On the 5th of March, IWM London opens a brand new, (and very exciting!) exhibition - Fashion on the Ration
If you collect or wear vintage clothing from the 40s and 50s, then you will be well aware of the value that the little CC41 label can add. Fashion on the Ration explores the history behind the Utility scheme and the effect it had on the British public. Themes explored include how people adapted to austerity measures and the results of their ingenuity in tough times, the introduction of uniform for the massses, new 'functional fashion' styles, and how this all surprisingly allowed fashion to flourish in the most pleasing of ways.
The exhibition brings together 300 exhibits including clothing, accessories, photographs and film, official documents and publications, artworks, wartime letters, interviews and ephemera, some of which have never been on display before, Fashion on the Ration presents a sense of what life was like on the home front for men and women during wartime Britain.
Fashion on the Ration is divided into 6 sections and here's a little bit about what you can expect to see in each section:
Into Uniform looks at the effect of the sudden swathes of uniform clad guys and gals seen on the streets of Britain, what the most and least popular styles were; so the darlings of the armed forces in the RAF aka 'Brylcreem Boys' and the jealousies of the boys of the Army, and how military uniform came to influence civilian clothing
Functional Fashion explores the influence of wartime measures on everyday life such as siren suits, blackout buttons and gas mask handbags
Luminous flowers to wear in the blackout - just one of the ways that functional fashion had commercial value
Beauty as Duty, one of my favourite wartime sayings, looks at the way in which so many women felt it their job to maintain their personal appearance as a small part to play in boosting morale on the home front. This section also explores the lengths women were forced to go to to do so in the face of shortages of cosmetics and the introduction of politics in the women's daily routine such as slogan printed headscarfs and advertising campaigns such as 'lips in uniform'
Rationing and Make do and Mend Shortages of fabrics and rationing of clothing meant that people were forced to make clothes last longer by mending, knitting and transforming old clothing. This section uses the great example of a men's suit, adapted and changed into a women's skirt suit. The introduction of rationing in 1941 changed the nation's shopping habits and forced people to be more creative with their wardrobes
Utility Clothing Although CC41 has now become extremely collectable amongst vintage enthusiasts, during the war the idea of 'Utility' clothing was not greeted with such enthusiasm. This section of the exhibition has a beautiful and somewhat surprising collection of colourful clothing all made to Utility regulations, and explores what that actually meant for clothing manufacturers at the time.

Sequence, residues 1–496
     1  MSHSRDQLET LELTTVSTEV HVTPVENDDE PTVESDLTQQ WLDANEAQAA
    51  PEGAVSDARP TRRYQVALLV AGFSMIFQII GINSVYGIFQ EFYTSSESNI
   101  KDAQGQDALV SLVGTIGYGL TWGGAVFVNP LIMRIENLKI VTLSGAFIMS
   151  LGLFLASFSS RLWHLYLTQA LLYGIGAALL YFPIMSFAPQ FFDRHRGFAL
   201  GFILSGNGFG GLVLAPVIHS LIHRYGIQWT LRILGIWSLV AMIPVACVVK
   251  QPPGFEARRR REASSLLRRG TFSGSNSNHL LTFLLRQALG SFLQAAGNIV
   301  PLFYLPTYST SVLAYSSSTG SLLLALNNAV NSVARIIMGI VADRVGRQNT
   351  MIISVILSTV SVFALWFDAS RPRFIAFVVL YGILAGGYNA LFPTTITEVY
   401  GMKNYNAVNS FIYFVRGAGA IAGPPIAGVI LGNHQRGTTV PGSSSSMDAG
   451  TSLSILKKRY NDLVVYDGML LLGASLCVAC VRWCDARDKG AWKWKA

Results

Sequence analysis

Peace and a new look? This section looks at how the end of the war impacted upon fashion, and considers the long-term impact. On display will be a ‘VE’ print dress worn by the comedienne Jenny Hayes to celebrate the end of the war - which I am very excited about, and an example of the ubiquitous demob-suit, issued to men leaving the military services. In 1947, the launch of Christian Dior’s ostentatious ‘New Look’ shook the fashion world desperate for something new after years of pared down wartime fashion.
Here's the surprise - not so much of a surpise if you know me - I work at IWM London, so you maybe that makes me a bit biased. At the time of writing this, I havent actually seen the finished exhibition yet, so only have the press release to go on and the information from my passionate and hard working colleagues! However, even if I didnt work there I would be as equally excited about this and think its a great time to have such an exhibition on in London. As some of you may know, not long after this opens, across town in South Kensington, the V&A also have the much anticipated Alexander McQueen exhibition opening. I think its wonderful to see two of London's leading museums have 2 major fashion exhibitions at the same time - one depicting an important and influential name in modern British fashion, and one looking back at an incredibly important time in British fashion history, and making us reflect on the influence that the style of the time has on our fashion industry now.
There is also book to accompany the exhibition - Fashion on the Ration by Julie Summers. This gives a thoughtful and in depth look into the main themes of the exhibition. Its on sale here for a special exhibition price.
Tickets to Fashion on the Ration are £10 and there are concession prices to - you can book them here
The museum's cafe are also running a group package where you can book tickets to the exhibition and enjoy an afternoon tea. Tickets available here
One last thing you might enjoy! If you follow Imperial War Museums on Twitter they are running a lovely campaign user the hashtag #whatmyfamilywore where you can share photos of your family in the 1940s. There are some wonderful pictures that have already been shared!
If you do go and visit the exhibition, please let me know what you thought - and if you see me in the museum, be sure to say a cheery hello! ;-)